Since Gov. Andrew Cuomo lifted most state-mandated coronavirus restrictions last June, various aspects of life in New York have slowly returned to normal. Well, a “new normal” anyway.
Many restaurants and stores have lifted capacity restrictions and other pandemic precautions like mask wearing. At the same time, others are a little more hesitant, nixing some virus prevention measures while keeping others in place.
What about elected officials? One might think they would be among the first to restore full in-person constituent services after the governor’s announcement. But many — at least in this area — are either only offering services remotely, or have developed a hybrid model that involves meeting with people outdoors.
Still others are allowing people back inside offices, but with varying levels of precautions.
What’s causing this hesitancy to reopen? That would be the delta variant — the most dominant of the coronavirus’ mutant strains. The Centers for Disease Control and Prevention believes the delta variant spreads more easily and quickly than other forms of the virus. However, the CDC has also said the vaccines currently available appear to protect against this variant.
For instance, state Sen. Alessandra Biaggi’s district office has remained closed for in-person services because of the delta variant threat, spokeswoman Ana Hall said. Instead, Biaggi has provided constituent services remotely since the start of the pandemic. While they’ve been using traditional modes of communication like email and phone calls, the senator also introduced new methods.
This summer, for example, Biaggi’s team has traveled around the senate district visiting small businesses and constituents to discuss the different COVID-19 relief programs at the city, state and federal levels available to them.
“When we’re talking with people, a lot of time they don’t even realize that the problems that they’re experiencing are issues that we could help out with and fix,” Hall said. “So, we’ve actually been able to get a lot of cases from being out in the district.”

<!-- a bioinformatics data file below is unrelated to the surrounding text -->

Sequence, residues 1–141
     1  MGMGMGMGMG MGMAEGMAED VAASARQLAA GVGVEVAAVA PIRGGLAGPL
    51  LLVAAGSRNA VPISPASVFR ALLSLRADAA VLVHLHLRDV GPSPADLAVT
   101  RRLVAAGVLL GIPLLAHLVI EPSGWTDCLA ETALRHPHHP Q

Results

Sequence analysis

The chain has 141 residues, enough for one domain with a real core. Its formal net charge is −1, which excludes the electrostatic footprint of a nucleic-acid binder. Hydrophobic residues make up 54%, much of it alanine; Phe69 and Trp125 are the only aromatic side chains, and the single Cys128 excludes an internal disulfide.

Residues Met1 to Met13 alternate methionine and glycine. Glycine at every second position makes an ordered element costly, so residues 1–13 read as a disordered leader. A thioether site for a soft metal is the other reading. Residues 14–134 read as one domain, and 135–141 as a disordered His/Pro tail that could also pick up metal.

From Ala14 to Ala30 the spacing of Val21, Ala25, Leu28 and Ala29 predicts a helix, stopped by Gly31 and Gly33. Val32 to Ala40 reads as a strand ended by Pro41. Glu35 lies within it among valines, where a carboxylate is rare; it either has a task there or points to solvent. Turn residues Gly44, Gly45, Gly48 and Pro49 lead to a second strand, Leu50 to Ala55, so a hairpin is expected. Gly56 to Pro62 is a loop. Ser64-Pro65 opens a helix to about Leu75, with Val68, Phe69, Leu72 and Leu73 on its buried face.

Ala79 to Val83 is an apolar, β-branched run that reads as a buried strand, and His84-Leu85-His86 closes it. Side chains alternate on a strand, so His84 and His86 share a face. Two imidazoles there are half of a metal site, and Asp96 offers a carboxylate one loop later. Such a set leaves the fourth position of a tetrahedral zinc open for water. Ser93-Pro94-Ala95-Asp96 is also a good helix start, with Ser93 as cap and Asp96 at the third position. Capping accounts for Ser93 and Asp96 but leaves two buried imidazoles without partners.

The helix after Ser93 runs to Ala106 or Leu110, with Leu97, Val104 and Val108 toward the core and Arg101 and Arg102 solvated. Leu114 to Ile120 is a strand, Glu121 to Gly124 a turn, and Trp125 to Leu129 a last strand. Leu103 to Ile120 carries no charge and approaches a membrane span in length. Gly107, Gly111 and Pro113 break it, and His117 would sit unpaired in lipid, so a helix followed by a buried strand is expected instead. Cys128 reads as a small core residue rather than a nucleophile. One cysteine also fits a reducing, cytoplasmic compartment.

Furthermore, all constituent services representatives were given Google Voice numbers — a form of internet-based telephone service. Once someone opens a case, they would be given the number of a caseworker who they could then call or text directly.
“It’s been a way to just give people some peace of mind that they have someone that they can contact whenever they need,” Hall said. “So even though there’s not a face-to-face (meeting), just having that open line of communication has been really, really great. And that would definitely be something we’d want to keep, even once our office opens up.”
Depending on the state of the delta variant, Biaggi’s office hopes to reopen by the end of the summer.
U.S. Rep. Jamaal Bowman says he, too, is holding off on restoring in-person service because of rising cases among the unvaccinated.
“We’re still monitoring the delta variant,” Bowman said. “We’ve been keeping track of that, because obviously there’s a lot of unknowns related to that. And, you know, with technology, a lot can be done remotely. So we’re still able to respond to the thousands of patrons that we have coming in per week because our office is mobile. Because we use all of our technology apparatus to meet the needs of people in the district.”
While Bowman does have physical office space in Mount Vernon and Co-op City, his staff remains mostly remote. Plans right now are to reopen offices in September — depending on how well the latest virus spikes are under control.
But the focus on remote services doesn’t mean Bowman isn’t getting facetime with people in the district. His office has had pop-up in-person services since January, he said. There they set up a physical location to speak with people in different areas.
“We’ve done a few throughout the district,” Bowman said. “We inform (constituents) via email or robo-call when those are happening. And yeah, we just pop up. We could be on a street corner near you.”